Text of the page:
Commentary by Bill Buchanan
I have had several tough jobs in my life. I have baled hay in 100-degree heat. I have cut and ground metal all summer in a steel mill. I have dug a foundation for a house in rocky soil using only a pick and shovel. But I have never been a parent, the toughest job of all.
While my daddy died when I was still young, he had a great influence on me. I looked up to him for guidance, discipline and love. He delivered plenty of all three. He taught me many valuable lessons, one of the most important being to give respect to others, no matter what their race, religion or sex. My daddy was a very hard worker. He drove a bulldozer for a construction company all day, and worked on his farm raising cattle in the evenings and on weekends. He was a perfect role model for what a work ethic should be. But no matter how tired he was when he came home, he always had the energy to play a game of catch. He taught me to tie my shoes and hit a fastball. He taught me how to bait a hook and clean a fish.
He taught me that while we were not rich, I was more fortunate than a lot of people. At Christmas, we would often go visit families in the community who didn’t have a lot. We would take food for the adults, and a few toys for their kids. He wanted my sister and me to see how little some people had, and to appreciate a warm bed and plenty of food. He also wanted to bring a little Christmas to children who might not have had one otherwise.
He was my toughest critic. He was not easy on me, especially when he felt that I had not given my best. Daddy was not one for subtlety. He could be harsh and demanding. His criticism stung, and it sometimes hurt my feelings. But I learned that he was not being unkind; he was trying to make me a better person by not allowing me to give less than my best effort.
It was the same with discipline. Daddy had high standards. If you chose not to obey him, you were flirting with getting your butt whipped. He wore these thin little belts that did not look very menacing, but he wielded them like a Jedi master. If the crime was serious enough, I was told to “go to the bedroom, think about what I’d done, and wait for Daddy to come in with his belt.”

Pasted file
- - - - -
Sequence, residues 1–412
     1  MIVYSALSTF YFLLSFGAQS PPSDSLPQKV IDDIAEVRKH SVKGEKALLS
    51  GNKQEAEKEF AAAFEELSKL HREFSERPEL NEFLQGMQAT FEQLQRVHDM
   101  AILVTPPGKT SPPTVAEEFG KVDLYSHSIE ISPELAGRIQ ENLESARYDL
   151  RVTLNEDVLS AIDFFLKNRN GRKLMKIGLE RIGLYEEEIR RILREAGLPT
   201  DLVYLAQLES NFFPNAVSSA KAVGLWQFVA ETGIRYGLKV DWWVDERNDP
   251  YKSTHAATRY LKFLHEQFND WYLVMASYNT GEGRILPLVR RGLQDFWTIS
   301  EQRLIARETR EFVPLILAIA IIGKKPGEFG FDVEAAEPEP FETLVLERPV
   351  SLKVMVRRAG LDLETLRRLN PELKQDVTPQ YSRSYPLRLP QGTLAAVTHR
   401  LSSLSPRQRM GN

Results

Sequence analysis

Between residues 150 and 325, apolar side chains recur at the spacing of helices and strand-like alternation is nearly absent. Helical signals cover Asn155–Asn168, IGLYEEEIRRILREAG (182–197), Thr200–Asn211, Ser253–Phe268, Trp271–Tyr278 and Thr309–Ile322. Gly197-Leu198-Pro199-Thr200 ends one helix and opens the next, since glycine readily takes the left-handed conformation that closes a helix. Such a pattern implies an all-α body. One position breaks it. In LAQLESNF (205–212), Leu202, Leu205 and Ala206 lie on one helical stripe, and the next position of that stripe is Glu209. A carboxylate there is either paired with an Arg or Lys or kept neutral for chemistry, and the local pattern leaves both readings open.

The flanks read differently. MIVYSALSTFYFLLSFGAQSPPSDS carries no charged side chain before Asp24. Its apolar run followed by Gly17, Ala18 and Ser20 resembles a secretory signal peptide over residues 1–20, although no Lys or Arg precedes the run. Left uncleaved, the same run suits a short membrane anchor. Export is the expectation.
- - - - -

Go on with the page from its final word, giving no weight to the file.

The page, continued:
I know now that he was making sure his temper had cooled down so that he did not hit me in anger. But the psychological effect of sitting around waiting to be punished was usually worse than the actual whipping.
Afterward, he would sit down on the bed. I would go to him and he would hug me, and tell me how much he loved me. He would tell me that he hated punishing me, but that I had to learn to behave. My daddy was demonstrably affectionate at a time when many other men of his generation were not affectionate towards their sons. I always knew I was loved.
While I did not know him for very long, my daddy has had a lasting impact on my life. I was very lucky to have him. I look at so many young men today who have no male role model in their lives, and my heart goes out to them. Today, our prisons are full of young men who never had a strong male influence to help mold them into productive and happy men. It is a shame, and a major problem for our society. And it seems to be getting worse instead of better.
I salute all the men who have taken on the toughest job of all, and have risen to the challenge of making their sons and daughters useful members of society. We are all better for it.
Happy Father’s Day.